It’s down to the wire for President Trump and Republican lawmakers to come up with a plan for the thousands of young, undocumented immigrants living in the U.S.
Trump met with lawmakers on Thursday to discuss what to do with the so-called Dreamers, especially after he announced last year that he was dismantling the Obama-era program that allowed for some protections for certain immigrants.
“We’re all working in an effort to develop an immigration reform plan that will serve the interests of the American workers and the American families and safety,” Trump said at the start of Thursday’s meeting, which was attended by a handful of Republican senators, including John Cornyn of Texas, Tom Cotton of Arkansas and Lindsey Graham of South Carolina.
The Trump administration officially announced its plan to end the Deferred Action for Childhood Arrivals (DACA) program – which provides a level of amnesty to certain undocumented immigrants, many of whom came to the U.S. as children – with a six-month delay for current recipients in 2017.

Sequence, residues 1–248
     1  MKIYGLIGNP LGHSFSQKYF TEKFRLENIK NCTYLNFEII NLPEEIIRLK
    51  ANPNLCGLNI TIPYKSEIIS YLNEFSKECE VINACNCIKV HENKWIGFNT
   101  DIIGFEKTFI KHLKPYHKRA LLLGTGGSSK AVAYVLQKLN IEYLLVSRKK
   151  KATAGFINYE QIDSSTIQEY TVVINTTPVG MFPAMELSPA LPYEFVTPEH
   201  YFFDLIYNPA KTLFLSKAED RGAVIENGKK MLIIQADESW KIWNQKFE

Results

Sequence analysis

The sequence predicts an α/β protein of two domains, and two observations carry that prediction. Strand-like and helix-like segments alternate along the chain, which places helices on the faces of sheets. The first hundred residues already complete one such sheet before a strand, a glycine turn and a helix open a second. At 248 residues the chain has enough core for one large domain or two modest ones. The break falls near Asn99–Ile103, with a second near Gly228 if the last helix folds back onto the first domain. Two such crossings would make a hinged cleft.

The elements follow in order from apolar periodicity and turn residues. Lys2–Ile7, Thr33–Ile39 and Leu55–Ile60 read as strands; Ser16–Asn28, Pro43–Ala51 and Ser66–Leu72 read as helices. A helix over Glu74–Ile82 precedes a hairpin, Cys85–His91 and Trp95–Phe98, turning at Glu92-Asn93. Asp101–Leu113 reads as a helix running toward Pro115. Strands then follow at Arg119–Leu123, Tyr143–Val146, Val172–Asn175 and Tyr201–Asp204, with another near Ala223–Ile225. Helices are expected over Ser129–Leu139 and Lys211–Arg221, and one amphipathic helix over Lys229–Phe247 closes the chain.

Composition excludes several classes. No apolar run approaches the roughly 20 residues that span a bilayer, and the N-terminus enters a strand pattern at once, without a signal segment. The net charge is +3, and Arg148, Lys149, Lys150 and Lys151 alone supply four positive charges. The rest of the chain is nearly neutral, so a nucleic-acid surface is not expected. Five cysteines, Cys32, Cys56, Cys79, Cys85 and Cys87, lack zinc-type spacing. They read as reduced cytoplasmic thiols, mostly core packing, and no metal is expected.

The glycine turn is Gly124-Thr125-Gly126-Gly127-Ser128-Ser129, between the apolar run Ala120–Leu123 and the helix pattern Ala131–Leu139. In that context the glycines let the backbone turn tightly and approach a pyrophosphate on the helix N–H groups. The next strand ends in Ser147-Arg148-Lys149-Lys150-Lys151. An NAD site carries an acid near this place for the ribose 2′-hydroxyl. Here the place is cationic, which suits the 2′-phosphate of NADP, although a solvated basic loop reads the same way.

With the delay, the solution for protecting young immigrants from deportation was punted to Congress – and Republicans and Democrats are both pushing for different things.
Trump has said that any deal he signs regarding immigration reform would also need to include funding for the border wall, more money for immigration enforcement, an overhaul of the family-based immigration system and an end to the diversity lottery program.
Most Democrats are not on board with Trump’s litany of requests, and some have threatened they will not go ahead with a spending bill until protections for Dreamers are established.
Read on for a look at how the DACA program worked and why the administration disbanded it.
What is the DACA program?
The DACA program was formed through executive order by former President Barack Obama in 2012 and allowed certain people, called Dreamers, who came to the U.S. illegally as minors to be protected from immediate deportation. Recipients were able to request “consideration of deferred action” for a period of two years, which is subject to renewal.